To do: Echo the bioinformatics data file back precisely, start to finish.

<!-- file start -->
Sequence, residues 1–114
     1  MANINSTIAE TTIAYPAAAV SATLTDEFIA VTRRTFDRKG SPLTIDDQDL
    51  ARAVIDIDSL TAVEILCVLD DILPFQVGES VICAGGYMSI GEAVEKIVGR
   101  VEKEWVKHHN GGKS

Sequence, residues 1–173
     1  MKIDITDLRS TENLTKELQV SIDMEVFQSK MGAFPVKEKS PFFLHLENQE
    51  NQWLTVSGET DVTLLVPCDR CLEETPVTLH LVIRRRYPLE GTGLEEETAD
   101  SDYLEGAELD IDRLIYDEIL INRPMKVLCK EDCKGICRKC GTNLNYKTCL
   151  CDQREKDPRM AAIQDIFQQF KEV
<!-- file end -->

Sequence, residues 1–114
     1  MANINSTIAE TTIAYPAAAV SATLTDEFIA VTRRTFDRKG SPLTIDDQDL
    51  ARAVIDIDSL TAVEILCVLD DILPFQVGES VICAGGYMSI GEAVEKIVGR
   101  VEKEWVKHHN GGKS

Sequence, residues 1–173
     1  MKIDITDLRS TENLTKELQV SIDMEVFQSK MGAFPVKEKS PFFLHLENQE
    51  NQWLTVSGET DVTLLVPCDR CLEETPVTLH LVIRRRYPLE GTGLEEETAD
   101  SDYLEGAELD IDRLIYDEIL INRPMKVLCK EDCKGICRKC GTNLNYKTCL
   151  CDQREKDPRM AAIQDIFQQF KEV